Politics of Macau
Politics of Macau takes place in a framework of a political system dominated by the People's Republic of China, an own legislature, the Chief Executive as the head of government, and of a multi-party system. Executive power is exercised by the government.
Macau as part of the People's Republic of China
In accordance with Article 31 of the Constitution of the People's Republic of China, Macau has Special Administrative Region status, which provides constitutional guarantees for implementing the policy of "one country, two systems" and the constitutional basis for enacting the Basic Law of the Macau Special Administrative Region. Although geographically part of Guangdong Province, the Macau Special Administrative Region is directly under the authority of the central government of the People's Republic of China in Beijing, which controls the foreign affairs and defence of Macau but otherwise grants the region "a high degree of authority." The Basic Law took force upon handover of sovereignty from Portugal on 20 December 1999, and is to remain in effect for fifty years (that is, until 2049).
Macau's seven deputies to the National People's Congress (NPC) are selected by an electoral conference; they attended their first session of the NPC in Beijing in March 2000. Previously, in December 1999, the NPC Standing Committee approved the membership of the NPC Committee for the Basic Law of the Macau Special Administrative Region, chaired by NPC Vice Chairman Qiao Xiaoyang, for a five-year term. Half of the ten members are from Macau, the others from mainland China. Macau also has representation on the National Committee of the Chinese People's Political Consultative Conference.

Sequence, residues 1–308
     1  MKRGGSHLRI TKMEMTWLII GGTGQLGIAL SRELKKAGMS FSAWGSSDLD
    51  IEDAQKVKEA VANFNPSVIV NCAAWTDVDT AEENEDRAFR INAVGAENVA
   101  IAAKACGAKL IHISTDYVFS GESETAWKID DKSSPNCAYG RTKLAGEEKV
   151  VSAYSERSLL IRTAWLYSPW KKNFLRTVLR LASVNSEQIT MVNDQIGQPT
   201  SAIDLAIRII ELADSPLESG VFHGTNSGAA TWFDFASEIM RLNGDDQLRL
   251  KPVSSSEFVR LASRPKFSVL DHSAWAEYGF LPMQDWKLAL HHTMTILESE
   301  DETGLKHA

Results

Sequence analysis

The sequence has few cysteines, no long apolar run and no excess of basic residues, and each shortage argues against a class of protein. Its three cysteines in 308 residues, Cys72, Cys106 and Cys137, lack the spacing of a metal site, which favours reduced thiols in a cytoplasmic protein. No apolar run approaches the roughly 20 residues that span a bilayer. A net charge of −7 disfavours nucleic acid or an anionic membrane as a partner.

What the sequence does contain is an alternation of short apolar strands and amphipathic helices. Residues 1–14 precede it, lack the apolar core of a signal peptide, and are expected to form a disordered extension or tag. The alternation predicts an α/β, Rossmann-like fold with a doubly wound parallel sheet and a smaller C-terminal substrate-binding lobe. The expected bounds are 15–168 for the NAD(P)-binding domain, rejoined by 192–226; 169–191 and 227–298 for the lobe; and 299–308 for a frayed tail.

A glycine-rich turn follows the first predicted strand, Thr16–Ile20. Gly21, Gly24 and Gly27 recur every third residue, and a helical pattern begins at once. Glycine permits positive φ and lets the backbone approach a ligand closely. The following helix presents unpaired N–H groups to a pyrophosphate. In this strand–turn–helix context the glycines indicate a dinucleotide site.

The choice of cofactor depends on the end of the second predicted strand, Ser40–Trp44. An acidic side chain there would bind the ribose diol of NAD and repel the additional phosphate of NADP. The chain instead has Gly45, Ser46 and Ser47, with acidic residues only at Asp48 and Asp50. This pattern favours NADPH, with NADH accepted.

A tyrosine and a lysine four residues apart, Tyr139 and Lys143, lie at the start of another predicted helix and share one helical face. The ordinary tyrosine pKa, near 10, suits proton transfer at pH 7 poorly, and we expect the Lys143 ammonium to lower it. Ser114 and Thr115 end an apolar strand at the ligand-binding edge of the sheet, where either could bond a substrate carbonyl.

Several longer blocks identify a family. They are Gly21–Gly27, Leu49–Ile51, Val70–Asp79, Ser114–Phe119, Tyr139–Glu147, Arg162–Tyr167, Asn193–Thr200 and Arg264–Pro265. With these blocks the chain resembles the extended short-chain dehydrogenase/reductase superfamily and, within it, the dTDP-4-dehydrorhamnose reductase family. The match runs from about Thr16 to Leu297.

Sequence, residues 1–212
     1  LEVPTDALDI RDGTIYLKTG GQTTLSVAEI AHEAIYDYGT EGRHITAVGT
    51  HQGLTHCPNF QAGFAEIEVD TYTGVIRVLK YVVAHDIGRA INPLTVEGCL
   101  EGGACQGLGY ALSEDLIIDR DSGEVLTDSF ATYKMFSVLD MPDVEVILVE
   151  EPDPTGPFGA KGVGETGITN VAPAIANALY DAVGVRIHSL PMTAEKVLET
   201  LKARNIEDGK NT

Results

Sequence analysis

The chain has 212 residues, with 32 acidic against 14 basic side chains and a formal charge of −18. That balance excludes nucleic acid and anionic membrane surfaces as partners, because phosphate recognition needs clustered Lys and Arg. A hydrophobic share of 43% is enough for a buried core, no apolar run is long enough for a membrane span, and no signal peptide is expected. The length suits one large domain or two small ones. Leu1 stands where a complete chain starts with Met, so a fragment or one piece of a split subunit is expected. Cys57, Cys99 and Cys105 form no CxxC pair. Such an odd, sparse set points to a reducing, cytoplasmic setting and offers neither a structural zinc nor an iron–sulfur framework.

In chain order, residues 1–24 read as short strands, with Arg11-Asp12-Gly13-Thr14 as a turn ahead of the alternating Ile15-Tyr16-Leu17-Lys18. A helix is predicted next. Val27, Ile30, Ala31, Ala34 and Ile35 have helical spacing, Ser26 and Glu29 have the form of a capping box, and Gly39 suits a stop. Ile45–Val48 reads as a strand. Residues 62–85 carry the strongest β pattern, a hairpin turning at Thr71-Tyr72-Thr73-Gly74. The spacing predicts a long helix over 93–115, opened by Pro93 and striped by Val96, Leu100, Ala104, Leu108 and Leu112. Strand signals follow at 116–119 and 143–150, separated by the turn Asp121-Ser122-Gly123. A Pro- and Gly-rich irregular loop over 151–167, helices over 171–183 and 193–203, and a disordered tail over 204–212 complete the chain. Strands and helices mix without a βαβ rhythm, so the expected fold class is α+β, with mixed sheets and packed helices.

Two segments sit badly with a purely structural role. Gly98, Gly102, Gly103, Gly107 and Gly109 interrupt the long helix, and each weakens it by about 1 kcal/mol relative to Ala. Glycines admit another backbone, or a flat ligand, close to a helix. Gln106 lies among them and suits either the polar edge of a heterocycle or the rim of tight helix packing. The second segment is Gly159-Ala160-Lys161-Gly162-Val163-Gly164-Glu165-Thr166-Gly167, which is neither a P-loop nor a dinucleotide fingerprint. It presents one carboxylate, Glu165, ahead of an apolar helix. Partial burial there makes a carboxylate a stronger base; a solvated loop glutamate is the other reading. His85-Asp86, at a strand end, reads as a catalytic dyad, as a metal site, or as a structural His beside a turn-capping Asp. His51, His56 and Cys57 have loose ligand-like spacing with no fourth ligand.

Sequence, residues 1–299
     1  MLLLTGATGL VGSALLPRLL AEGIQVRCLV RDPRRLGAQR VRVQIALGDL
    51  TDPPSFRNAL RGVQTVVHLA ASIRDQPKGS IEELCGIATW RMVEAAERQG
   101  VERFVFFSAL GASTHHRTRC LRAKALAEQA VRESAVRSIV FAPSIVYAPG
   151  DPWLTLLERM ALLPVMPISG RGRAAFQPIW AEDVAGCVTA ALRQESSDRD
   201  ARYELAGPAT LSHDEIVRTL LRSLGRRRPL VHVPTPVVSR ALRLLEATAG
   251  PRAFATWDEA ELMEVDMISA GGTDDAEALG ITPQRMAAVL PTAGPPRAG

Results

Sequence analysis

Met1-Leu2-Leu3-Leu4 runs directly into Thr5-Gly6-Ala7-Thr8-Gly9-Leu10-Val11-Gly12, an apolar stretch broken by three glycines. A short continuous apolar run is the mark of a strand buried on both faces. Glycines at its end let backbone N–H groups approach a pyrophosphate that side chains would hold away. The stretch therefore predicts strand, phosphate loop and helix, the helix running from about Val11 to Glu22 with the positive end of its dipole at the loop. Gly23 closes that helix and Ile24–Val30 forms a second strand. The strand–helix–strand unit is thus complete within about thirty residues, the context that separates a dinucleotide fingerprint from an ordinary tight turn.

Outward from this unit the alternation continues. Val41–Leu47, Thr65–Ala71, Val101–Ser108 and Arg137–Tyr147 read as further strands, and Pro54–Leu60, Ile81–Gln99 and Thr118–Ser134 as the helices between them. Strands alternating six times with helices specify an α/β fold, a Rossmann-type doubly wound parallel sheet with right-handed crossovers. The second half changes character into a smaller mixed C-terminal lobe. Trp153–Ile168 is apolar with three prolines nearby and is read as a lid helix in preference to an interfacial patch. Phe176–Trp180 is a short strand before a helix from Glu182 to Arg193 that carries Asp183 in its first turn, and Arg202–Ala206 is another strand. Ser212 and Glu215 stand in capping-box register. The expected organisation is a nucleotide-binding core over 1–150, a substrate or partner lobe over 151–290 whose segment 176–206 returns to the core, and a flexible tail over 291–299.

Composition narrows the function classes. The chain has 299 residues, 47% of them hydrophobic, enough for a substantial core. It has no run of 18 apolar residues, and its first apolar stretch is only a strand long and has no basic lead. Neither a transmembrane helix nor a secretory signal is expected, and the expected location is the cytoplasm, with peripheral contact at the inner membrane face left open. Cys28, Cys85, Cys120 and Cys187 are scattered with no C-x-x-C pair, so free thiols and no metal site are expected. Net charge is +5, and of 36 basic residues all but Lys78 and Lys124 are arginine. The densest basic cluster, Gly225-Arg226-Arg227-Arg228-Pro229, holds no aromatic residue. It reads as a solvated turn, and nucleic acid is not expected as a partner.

Head of Government
|Chief of State (PRC President)||Xi Jinping||Communist Party of China||14 March 2013|
|Chief of Central Government (PRC Premier)||Li Keqiang||Communist Party of China||15 March 2012|
|Chief Executive||Fernando Chui Sai On||Non-partisan||20 December 2009|
The Chief Executive of Macau is appointed by the People's Republic of China's central government after selection by an election committee, whose members are nominated by corporate bodies. The chief executive appears before a cabinet, the Executive Council, of between 7 and 11 members. The term of office of the chief executive is 5 years, and no individual may serve for more than two consecutive terms. The governor has strong policymaking and executive powers similar to those of a president. These powers are, however, limited from above by the central government in Beijing, to whom the governor reports directly, and from below (to a more limited extent) by the legislature.